Tight emission regulations have changed the game to some extent, especially with the nuisance of adding urea, but I don't think this is as bad as a lot of people make it out to be, at least on smaller vehicles (large trucks and anything bigger are probably a different story).  

A friend of mine bought a Dodge 1/2 ton pickup with a (Fiat?) diesel engine a few years ago.  In his experience he has to fill the urea tank about every 10,000 km (every second oil change), and it still gets far better mileage than a gasoline-engined 1/2 ton.

Deleting the DEF system is quite popular out here, and as far as I know it is perfectly legal as we don't have any California-style anti-smog laws.  Doing so does of course void the warranty.  

Greetings from Alberta

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Posted by Overmod on Monday, August 2, 2021 5:28 PM

Convicted One
I freaked out until the light turned green and the old Mercedes diesel sitting next to me pulled away, lol.

Don't you know that's the status idle?  Like the old $1.35-worth-of-loose-change-in-a-coffee-can Power-Cerebrovascular-Accident idle... it's the sound of money.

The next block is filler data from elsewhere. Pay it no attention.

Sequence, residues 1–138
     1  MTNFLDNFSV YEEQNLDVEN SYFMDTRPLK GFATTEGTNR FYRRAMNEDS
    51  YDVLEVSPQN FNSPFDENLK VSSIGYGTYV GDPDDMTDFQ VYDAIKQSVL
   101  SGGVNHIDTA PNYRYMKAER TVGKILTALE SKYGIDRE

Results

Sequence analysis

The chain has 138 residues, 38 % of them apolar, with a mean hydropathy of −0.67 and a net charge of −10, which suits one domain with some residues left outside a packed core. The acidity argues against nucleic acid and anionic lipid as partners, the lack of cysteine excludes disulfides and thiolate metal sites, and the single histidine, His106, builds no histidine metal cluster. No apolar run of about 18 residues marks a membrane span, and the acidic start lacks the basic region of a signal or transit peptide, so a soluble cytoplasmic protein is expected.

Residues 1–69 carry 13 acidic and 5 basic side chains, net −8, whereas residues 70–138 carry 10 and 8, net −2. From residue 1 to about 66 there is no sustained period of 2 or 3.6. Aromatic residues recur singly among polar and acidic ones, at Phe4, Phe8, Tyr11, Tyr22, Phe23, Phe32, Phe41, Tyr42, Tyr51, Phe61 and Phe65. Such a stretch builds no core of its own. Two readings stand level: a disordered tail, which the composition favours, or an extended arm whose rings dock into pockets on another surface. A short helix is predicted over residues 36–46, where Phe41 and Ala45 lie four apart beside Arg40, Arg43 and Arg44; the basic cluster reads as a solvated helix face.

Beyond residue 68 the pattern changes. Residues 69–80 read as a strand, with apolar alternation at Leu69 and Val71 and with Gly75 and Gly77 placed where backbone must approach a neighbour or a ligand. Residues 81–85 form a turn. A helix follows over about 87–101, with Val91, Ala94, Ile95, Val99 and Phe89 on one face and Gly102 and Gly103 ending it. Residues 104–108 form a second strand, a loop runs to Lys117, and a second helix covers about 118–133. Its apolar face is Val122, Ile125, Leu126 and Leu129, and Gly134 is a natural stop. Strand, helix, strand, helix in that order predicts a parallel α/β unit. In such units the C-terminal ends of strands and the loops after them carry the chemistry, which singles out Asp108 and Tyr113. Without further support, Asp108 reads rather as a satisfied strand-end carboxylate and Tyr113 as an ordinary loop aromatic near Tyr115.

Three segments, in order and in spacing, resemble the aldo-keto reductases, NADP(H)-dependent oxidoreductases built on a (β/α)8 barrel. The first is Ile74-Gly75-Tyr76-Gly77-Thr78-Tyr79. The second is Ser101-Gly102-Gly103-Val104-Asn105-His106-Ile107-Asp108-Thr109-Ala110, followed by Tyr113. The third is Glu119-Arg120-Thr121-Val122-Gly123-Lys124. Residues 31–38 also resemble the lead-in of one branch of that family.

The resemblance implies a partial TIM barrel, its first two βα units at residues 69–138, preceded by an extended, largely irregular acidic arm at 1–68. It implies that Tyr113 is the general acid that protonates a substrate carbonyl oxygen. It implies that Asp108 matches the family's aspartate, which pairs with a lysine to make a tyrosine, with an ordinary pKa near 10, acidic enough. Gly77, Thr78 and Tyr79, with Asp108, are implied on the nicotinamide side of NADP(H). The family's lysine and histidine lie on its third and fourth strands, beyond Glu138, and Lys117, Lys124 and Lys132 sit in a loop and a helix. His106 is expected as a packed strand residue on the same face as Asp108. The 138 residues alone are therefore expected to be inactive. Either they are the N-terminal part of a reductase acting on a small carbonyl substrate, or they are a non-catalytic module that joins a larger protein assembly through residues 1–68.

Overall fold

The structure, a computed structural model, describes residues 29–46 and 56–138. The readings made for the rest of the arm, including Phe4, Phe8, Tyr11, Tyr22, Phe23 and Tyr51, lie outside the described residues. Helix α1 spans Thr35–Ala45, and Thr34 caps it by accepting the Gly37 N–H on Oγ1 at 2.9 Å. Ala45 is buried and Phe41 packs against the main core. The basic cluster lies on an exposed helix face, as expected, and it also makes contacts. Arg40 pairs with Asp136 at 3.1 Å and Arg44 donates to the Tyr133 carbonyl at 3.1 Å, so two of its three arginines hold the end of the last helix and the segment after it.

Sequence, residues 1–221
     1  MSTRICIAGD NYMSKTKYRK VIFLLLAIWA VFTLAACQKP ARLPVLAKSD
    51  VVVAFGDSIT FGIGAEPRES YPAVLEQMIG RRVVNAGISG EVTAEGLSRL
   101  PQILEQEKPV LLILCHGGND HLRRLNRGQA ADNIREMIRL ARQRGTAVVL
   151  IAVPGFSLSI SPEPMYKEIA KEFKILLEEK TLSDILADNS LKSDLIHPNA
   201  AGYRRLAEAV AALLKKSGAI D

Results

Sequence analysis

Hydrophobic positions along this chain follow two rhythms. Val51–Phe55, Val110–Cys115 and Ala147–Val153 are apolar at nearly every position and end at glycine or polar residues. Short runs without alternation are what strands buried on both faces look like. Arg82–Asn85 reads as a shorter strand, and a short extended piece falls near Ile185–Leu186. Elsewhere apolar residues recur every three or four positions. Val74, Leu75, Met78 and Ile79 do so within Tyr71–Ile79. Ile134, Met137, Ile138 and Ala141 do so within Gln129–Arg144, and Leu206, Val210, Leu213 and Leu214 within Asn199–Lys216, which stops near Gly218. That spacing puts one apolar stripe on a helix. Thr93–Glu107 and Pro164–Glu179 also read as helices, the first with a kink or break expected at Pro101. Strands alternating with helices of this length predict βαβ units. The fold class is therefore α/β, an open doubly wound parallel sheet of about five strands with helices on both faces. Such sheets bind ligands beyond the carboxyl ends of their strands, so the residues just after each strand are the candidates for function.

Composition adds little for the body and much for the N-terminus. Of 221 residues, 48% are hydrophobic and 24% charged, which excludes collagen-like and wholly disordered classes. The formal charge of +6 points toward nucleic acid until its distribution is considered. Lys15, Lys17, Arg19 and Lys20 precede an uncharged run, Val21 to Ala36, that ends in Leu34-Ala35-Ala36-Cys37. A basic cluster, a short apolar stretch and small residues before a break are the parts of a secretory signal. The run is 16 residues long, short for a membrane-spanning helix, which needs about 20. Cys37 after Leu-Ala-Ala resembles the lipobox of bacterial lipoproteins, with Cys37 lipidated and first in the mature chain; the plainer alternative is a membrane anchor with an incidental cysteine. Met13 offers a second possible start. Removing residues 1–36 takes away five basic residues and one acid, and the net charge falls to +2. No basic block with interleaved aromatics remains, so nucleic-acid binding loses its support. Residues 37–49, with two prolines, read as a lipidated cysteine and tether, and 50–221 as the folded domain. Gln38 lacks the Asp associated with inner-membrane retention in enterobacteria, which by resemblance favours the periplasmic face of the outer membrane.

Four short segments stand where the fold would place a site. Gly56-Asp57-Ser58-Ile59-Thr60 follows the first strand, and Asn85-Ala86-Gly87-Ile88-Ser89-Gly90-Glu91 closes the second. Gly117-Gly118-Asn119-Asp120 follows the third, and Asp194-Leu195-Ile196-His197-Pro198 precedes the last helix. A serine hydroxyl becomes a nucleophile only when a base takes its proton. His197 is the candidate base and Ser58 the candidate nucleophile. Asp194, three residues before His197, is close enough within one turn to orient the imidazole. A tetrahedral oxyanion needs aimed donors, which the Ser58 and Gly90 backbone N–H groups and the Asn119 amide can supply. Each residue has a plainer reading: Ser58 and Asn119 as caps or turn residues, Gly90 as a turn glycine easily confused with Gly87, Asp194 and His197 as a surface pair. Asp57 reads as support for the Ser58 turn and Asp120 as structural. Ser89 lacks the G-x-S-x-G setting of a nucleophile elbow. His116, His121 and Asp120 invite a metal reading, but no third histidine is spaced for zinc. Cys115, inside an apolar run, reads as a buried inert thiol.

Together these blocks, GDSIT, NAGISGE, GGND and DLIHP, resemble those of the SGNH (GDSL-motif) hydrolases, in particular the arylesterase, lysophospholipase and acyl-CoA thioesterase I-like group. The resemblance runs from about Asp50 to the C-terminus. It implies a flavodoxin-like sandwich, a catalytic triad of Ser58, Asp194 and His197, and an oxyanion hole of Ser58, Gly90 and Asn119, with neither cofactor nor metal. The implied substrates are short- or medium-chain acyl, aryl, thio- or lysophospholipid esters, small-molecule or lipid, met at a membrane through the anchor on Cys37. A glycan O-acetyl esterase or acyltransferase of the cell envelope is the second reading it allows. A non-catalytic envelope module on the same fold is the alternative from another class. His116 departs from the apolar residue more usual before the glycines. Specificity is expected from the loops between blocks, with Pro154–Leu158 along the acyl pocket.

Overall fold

Best all-around car I ever had was a four-door Continental with the BMW 2.4TD and ZF in it.  See if there's another vehicle that can hold 82mph on a ~2% upgrade with 3500lb of trailer behind at 28mpg indicated.  With the air conditioning and stereo going...

The 140 Mercedes diesel would come close but not get that kind of mileage...

In the olden days, diesel had fewer taxes and was hence cheaper at the pump.  You have to crack more of the oil to make gasoline, which made it 'technologically' more expensive, but on the other hand during winter the stock of diesel interfered with the stock of home heating oil, so there could be supply-and-demand 'shortages' running the price up then.

The excuse that kicked the pins out was ULSD restrictions (which I am incidentally a strong supporter of).  I do not know the cost per gallon actually involved in extracting and using the sulfur, but from that day forward diesel was never 'as cheap'. Meanwhile states had woken up to the idea that increasing their part of the tax per gallon was cheap and easy revenue... overnight diesel went from under a dollar a gallon to 'parity with Tennessee' at all the stops in West Memphis, I believe in early 2001.  Pennsylvania intentionally surcharges regular gas and diesel... I think the excuse is to make up the revenue for infrastructure maintenance that's been dropping with people driving far more fuel-efficient and smaller cars.  I'd expect a similar reason why diesel stayed more expensive than gasoline for so long.